Heart and Soul: Sher Mohamed, my father, the top cop

  • People
  • Sunday, 01 Oct 2017

A leaf from history: Sir Edward Gent congratulating Sher Mohamed with a firm handshake. Photo: Mohamed Rafique Sher Mohamed

In 2007, when Malaysia celebrated its 50th year of independence, my book, Kismet – Life, Contributions & Sacrifices Of Sher Mohamed Allah Baksh was completed. It was launched by Tun Dr Mahathir Mohamad in May 2008. It was a dream come true for me that a statesman such as he would honour my father’s memory.

During the launch, I informed the audience that I was contemplating to one day produce a movie on my beloved father’s life story. To illustrate this point, I presented the dramatic opening sequence of 20th Century Fox, with its captivating fanfare and iconic spotlights, to capture the attention of the audience. The audience waited eagerly in suspense of what was coming next. Alas, there was no trailer clip of a movie in production. Sighs of disappointment echoed. The guests had to be satisfied at this point of time with a slide presentation and video clips of my father’s career, which had been shown on television in the past. There was a lot of hard work to be done still.

The author Mohamed Rafique Sher Mohamed and his mother passing a copy of his book, Kismet, to Tun Mahathir, at the book launch on May 15, 2008. File photo: The Star/Art ChenThe author Mohamed Rafique Sher Mohamed and his mother passing a copy of his book, Kismet, to Tun Mahathir, at the book launch on May 15, 2008. File photo: The Star/Art Chen

I was dead set on making this movie based on the true story of my father, even though I was not in the movie business. After all, my father had the sort of career in the police force dating back to the pre-Medeka, British colonial and Japanese occupation eras and post-Independence years. I believe that my father’s story is of the stuff of Hollywood fare. A good movie director could grasp the story and turn it into a great movie.

It had all the elements of an interesting Malaysian story – historical perspective, gripping action, family, romance, friendship, adventure and destiny. I could visualise the story. In my view, it was also time for Malaysians to be inspired by true patriotic stories of local heroes, be they uniformed personnel or civilians, in our history. I reckon treading in uncharted territory is what it takes to make dreams come true.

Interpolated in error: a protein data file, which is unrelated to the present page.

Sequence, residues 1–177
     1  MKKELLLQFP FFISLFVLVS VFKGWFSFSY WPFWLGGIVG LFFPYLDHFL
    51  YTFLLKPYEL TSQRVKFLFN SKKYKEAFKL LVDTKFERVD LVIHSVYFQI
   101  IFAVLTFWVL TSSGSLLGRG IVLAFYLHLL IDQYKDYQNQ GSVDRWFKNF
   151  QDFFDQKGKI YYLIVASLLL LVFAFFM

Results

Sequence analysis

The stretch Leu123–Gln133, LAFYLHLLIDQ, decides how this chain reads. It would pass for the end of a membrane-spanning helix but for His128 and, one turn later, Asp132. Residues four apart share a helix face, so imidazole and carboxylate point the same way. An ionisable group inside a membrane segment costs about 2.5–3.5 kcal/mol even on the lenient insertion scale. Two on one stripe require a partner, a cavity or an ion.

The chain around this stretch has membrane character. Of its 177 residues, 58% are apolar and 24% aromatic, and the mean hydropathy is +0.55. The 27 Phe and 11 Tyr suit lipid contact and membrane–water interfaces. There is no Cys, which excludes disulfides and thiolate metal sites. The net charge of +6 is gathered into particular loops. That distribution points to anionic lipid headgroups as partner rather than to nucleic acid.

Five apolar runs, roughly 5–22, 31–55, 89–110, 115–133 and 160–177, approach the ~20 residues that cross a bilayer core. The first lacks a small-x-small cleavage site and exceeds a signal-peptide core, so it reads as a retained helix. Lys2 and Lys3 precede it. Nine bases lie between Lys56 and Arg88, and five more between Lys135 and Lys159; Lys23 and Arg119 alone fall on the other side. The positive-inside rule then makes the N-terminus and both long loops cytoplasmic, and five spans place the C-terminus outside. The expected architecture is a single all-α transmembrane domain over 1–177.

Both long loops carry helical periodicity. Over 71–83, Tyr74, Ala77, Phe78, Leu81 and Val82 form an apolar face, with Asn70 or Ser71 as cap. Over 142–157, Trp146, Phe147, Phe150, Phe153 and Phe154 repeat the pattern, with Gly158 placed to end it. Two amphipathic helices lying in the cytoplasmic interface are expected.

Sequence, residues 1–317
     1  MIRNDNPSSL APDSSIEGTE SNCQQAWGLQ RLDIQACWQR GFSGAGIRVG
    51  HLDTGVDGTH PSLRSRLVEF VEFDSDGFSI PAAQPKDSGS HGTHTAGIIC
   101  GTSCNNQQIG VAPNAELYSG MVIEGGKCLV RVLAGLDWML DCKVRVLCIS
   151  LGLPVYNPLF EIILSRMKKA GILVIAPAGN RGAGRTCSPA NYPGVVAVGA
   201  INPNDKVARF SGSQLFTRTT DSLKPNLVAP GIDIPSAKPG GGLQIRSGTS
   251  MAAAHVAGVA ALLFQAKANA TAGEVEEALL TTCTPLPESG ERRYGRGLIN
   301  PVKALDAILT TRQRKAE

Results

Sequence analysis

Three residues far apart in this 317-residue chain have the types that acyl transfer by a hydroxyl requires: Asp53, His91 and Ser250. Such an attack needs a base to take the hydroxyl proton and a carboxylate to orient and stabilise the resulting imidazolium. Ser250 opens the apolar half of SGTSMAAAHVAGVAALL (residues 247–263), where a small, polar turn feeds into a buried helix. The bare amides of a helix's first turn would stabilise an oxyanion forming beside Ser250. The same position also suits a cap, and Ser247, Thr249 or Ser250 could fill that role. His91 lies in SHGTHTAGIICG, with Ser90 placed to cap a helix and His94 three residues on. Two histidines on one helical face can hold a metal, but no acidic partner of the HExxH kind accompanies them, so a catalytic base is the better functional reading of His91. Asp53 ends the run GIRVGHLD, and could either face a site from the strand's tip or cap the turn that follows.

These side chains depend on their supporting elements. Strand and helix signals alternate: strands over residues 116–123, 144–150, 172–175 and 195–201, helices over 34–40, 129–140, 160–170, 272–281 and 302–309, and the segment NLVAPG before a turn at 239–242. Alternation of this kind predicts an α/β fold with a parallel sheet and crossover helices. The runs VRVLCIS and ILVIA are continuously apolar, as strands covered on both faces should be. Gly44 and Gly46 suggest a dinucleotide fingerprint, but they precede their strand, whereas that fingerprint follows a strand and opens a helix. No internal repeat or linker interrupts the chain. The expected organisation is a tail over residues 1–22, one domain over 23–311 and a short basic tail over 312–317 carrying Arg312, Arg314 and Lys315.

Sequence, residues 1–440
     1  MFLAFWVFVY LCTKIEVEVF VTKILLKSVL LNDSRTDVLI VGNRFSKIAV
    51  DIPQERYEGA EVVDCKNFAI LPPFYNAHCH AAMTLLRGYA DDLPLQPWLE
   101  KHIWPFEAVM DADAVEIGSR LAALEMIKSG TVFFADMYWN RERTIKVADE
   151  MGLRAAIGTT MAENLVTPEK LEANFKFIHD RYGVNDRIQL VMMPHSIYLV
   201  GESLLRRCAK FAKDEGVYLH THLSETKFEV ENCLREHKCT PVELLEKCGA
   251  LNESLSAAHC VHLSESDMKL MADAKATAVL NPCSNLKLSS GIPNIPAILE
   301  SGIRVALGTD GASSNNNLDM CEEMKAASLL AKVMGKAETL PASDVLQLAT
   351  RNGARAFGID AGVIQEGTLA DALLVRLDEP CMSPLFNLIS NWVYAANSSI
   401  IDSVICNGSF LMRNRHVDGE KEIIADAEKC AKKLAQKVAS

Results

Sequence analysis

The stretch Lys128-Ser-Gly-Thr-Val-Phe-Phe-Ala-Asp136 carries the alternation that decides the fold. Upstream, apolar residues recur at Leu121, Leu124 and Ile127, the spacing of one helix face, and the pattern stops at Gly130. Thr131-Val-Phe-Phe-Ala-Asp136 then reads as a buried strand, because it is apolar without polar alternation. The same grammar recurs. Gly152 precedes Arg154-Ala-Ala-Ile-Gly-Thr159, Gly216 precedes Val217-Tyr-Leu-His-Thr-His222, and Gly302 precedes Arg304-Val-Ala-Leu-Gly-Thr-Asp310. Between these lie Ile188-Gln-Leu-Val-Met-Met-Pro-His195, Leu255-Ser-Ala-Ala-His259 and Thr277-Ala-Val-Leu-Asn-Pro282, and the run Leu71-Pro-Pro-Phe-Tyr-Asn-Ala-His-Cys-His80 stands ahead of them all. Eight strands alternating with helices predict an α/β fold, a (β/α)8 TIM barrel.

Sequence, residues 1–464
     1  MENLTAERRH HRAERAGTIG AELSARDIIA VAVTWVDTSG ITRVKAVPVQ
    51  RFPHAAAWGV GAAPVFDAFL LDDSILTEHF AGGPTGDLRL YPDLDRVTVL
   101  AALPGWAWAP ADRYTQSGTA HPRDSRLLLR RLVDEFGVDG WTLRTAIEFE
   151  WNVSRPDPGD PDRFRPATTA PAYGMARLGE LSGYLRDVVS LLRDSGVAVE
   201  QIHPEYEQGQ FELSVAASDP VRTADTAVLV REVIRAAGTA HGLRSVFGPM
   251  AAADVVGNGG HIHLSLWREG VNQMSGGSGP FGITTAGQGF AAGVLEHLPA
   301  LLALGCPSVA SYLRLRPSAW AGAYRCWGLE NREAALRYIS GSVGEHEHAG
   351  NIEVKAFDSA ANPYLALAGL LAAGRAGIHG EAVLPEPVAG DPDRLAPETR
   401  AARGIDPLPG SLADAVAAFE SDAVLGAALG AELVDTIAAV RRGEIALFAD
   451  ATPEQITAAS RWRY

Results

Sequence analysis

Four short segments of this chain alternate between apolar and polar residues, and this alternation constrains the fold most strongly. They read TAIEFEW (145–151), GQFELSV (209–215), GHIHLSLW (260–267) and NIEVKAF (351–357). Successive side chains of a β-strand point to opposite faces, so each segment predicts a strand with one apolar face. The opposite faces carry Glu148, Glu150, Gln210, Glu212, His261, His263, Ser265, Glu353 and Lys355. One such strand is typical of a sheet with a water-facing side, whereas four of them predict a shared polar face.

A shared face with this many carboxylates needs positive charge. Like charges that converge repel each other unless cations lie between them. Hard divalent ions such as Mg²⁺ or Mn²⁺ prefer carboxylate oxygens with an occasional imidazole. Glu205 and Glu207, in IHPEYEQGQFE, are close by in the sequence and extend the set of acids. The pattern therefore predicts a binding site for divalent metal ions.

Rafique Sher Mohamed (right) with his mum Che Rash Bibi Rahmad Ali (wife of Sher Mohamed) and granddaughter Tania Zubir after the book launch. File photo: The Star/Art ChenRafique Sher Mohamed (right) with his mum Che Rash Bibi Rahmad Ali (wife of Sher Mohamed) and granddaughter Tania Zubir after the book launch. File photo: The Star/Art Chen

Things were going to be easier from the point of the book’s launch, so I thought, especially after all the publicity and media attention on my father’s career as a police officer. But sadly, I was to discover otherwise.

To proceed with my plans to make this movie, I approached people in the business to help me get started. I was advised to first write a screenplay. Although familiar with the written word, I had no clue what writing a screenplay entailed and was therefore intimidated by the suggestion to produce one.

Since the task proved daunting at this stage, even though I had familiarised myself with the basics of the craft to get up to speed on the fundamentals, I decided that the best approach to get the screenplay completed quickly, was to identify a scriptwriter, with good references, with whom I could work with on this project. This proved difficult and it became everything but the plan I had in mind. So, I embarked on my own.

With the basic knowledge I had acquired, I began writing the story that was in my mind. I was driven to get this blueprint ready for the feature film I was imagining, and before long, the script with its 120 pages was completed.

I contacted almost all the top local movie production houses, but none were forthcoming. I sought the help of intermediaries to put me in contact with producers, but this proved futile. I realised money was needed to make the movie and I made great efforts to contact the rich and famous in the country, including the big media magnates, to help me produce this movie by becoming sponsors. But no one came forward.